Boeing 737 Max to Resume Flying U.S. Passengers on Tuesday


Boeing’s troubled 737 Max plane is expected to carry paying passengers in skies over the United States for the first time in almost two years on Tuesday.

Those passengers will be aboard American Airlines Flight 718, scheduled to leave Miami just after 10:30 a.m. and land in New York at 1:30 p.m., ending a long and difficult chapter for Boeing.

The Max was grounded worldwide in March 2019 after 346 people were killed in a pair of crashes, separated by months, in Indonesia and Ethiopia. The accidents and revelations about the plane’s shortcomings greatly damaged the company’s reputation and cost it tens of billions of dollars in damages, government fines and lost orders.

The Federal Aviation Administration, which has been criticized by lawmakers and safety experts for doing a poor job in certifying the Max in the first place, last month became the first major regulator to lift its grounding order and allow Boeing and the airlines that use the Max to start making the changes necessary to fly the plane again.

The F.A.A. has since been joined by regulators in Brazil. Canadian and European aviation officials are expected to follow with approvals within weeks.

The families of those killed aboard the two fatal flights argue that the Max is still unfit to fly. Last week, they said in a letter to U.S. lawmakers that “the entire recertification process is suspect.” A Senate committee issued a scathing report this month, criticizing Boeing and the F.A.A. for safety and oversight failures.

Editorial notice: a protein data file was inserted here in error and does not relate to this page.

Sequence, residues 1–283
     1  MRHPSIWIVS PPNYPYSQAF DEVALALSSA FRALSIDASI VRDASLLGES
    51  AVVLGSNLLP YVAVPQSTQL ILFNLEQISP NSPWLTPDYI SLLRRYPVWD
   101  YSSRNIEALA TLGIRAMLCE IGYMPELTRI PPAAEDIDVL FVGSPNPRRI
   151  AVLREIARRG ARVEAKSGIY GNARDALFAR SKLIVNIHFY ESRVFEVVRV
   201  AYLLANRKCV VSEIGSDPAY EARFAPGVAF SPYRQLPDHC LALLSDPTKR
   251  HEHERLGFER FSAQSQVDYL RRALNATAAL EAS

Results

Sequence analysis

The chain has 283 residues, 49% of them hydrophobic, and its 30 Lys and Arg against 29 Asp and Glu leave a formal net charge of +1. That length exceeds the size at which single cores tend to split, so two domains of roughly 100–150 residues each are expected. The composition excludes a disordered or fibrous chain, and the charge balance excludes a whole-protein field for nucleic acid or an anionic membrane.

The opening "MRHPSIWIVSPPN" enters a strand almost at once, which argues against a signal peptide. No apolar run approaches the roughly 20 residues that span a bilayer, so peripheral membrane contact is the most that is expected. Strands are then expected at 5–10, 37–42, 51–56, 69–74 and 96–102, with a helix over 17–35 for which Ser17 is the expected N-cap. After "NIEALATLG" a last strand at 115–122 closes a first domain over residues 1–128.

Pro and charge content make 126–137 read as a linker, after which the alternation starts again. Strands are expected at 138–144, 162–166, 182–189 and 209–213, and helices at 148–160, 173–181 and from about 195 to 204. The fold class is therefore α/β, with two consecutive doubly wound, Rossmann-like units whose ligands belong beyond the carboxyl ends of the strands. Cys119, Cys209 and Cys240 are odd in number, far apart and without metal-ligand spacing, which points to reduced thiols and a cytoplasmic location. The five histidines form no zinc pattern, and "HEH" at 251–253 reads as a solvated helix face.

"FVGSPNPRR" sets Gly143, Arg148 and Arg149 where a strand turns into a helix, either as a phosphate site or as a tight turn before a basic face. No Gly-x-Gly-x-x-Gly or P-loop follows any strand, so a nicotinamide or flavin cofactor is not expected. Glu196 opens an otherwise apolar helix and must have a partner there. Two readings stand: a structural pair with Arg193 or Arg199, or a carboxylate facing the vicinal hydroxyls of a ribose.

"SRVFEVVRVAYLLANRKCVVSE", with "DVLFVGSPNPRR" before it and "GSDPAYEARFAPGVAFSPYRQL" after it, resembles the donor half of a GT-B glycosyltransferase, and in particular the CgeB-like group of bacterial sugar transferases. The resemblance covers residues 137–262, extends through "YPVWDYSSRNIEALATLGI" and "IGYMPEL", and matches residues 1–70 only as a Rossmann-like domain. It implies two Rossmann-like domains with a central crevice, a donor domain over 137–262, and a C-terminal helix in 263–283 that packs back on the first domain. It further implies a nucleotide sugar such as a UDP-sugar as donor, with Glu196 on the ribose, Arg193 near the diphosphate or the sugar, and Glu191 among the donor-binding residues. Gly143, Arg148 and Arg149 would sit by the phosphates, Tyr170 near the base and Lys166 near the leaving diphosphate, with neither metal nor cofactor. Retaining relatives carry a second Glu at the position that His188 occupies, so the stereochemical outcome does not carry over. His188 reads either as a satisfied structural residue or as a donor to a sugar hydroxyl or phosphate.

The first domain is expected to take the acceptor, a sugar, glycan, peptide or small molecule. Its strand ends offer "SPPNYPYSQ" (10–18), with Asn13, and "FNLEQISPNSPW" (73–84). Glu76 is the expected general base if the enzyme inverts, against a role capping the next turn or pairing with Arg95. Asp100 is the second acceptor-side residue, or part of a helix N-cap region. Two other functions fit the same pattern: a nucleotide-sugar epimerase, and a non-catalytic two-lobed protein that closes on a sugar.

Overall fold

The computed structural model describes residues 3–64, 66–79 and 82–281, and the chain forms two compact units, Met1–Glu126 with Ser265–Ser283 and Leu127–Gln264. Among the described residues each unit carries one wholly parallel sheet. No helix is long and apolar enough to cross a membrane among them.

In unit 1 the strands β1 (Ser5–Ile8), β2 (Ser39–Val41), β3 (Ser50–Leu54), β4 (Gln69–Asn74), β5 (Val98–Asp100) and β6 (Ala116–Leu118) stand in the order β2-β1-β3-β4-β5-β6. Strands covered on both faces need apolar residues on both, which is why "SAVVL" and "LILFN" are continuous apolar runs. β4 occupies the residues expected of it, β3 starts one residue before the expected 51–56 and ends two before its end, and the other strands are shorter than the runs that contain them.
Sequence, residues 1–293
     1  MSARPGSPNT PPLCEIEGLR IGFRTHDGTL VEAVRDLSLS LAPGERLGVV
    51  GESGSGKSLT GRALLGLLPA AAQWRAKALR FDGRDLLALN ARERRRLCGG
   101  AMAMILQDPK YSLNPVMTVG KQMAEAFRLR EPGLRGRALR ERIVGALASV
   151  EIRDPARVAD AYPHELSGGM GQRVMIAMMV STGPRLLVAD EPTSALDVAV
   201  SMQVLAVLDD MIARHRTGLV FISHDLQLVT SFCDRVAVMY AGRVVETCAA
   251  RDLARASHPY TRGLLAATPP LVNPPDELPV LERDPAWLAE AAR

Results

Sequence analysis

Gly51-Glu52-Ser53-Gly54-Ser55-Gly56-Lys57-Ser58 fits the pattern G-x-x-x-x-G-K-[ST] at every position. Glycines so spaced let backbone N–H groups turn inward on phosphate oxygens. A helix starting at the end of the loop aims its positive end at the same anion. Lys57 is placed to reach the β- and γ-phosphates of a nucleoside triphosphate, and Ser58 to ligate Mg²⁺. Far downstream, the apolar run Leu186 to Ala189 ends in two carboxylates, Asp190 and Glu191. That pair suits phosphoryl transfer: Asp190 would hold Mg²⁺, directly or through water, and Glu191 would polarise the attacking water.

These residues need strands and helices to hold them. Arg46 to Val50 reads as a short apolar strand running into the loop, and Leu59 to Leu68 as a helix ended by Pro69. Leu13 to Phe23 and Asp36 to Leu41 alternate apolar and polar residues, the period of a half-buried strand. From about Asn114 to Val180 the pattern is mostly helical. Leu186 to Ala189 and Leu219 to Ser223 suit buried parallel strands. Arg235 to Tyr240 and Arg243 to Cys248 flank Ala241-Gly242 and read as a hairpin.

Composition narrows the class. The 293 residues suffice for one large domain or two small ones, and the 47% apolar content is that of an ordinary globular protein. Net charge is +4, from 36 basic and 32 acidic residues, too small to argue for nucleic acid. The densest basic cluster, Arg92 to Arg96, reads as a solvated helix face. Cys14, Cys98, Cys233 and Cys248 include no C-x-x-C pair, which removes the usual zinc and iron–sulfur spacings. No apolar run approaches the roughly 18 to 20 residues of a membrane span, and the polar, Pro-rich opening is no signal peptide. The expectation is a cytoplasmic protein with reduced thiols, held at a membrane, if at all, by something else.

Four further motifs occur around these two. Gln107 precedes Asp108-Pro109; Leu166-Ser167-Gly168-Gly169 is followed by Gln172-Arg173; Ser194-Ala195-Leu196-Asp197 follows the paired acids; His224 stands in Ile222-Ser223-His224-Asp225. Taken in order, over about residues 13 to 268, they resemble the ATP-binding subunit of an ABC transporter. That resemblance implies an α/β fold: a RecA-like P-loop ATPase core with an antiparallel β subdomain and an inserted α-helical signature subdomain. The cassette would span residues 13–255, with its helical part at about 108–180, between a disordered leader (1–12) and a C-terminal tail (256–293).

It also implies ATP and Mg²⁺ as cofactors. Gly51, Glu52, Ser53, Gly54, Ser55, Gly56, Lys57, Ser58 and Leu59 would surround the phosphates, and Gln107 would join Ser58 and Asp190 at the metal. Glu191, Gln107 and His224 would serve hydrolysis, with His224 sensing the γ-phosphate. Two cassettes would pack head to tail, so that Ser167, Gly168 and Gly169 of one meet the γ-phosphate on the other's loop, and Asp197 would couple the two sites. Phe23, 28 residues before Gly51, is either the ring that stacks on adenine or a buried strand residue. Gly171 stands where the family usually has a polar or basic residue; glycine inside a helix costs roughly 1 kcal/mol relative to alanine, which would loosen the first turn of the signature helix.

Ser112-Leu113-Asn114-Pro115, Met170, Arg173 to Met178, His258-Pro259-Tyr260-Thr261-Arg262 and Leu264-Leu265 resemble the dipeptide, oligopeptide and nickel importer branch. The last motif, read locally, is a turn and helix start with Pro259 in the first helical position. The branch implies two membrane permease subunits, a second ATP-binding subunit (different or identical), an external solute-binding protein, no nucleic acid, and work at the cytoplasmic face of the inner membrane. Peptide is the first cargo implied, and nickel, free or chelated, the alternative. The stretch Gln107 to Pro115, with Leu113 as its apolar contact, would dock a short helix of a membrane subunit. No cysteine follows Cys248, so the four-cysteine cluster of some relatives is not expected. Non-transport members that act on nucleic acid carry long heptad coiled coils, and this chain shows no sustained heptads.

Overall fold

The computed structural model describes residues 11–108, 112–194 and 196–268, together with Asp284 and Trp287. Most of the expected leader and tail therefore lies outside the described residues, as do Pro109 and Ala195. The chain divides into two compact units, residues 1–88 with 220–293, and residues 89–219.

American plans to use the Max for daily flights between Miami International Airport and La Guardia Airport through Monday. The airline plans to increase service throughout January, using the Max for as many as 36 flights out of Miami each day, according to a letter American executives sent to employees last month. Tuesday’s flight can seat 172 people, 16 in business class and the rest in economy.

United Airlines has said it expects to start using the Max in the first quarter of 2021. Southwest Airlines, a major Boeing client that operates an all-737 fleet, has said it does not expect to fly the plane until the second quarter. Delta Air Lines does not use the plane.

It will be important to public perception of both Boeing and the Max that the first few months of flights be free of any major problems. Last week, Air Canada was forced to divert a Max plane being moved from Marana, Ariz., to Montreal because of engine trouble. The plane landed without incident in Tucson, Ariz., the airline said.



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